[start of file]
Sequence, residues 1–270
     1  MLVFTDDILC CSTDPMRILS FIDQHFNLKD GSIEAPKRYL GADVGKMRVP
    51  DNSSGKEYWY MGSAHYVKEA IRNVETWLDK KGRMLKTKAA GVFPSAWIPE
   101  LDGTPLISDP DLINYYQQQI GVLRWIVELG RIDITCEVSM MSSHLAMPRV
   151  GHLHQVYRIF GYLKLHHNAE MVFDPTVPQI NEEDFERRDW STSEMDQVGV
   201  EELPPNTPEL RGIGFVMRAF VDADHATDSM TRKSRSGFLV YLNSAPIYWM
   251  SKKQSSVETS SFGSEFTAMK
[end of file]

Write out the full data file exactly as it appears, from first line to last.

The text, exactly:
Sequence, residues 1–270
     1  MLVFTDDILC CSTDPMRILS FIDQHFNLKD GSIEAPKRYL GADVGKMRVP
    51  DNSSGKEYWY MGSAHYVKEA IRNVETWLDK KGRMLKTKAA GVFPSAWIPE
   101  LDGTPLISDP DLINYYQQQI GVLRWIVELG RIDITCEVSM MSSHLAMPRV
   151  GHLHQVYRIF GYLKLHHNAE MVFDPTVPQI NEEDFERRDW STSEMDQVGV
   201  EELPPNTPEL RGIGFVMRAF VDADHATDSM TRKSRSGFLV YLNSAPIYWM
   251  SKKQSSVETS SFGSEFTAMK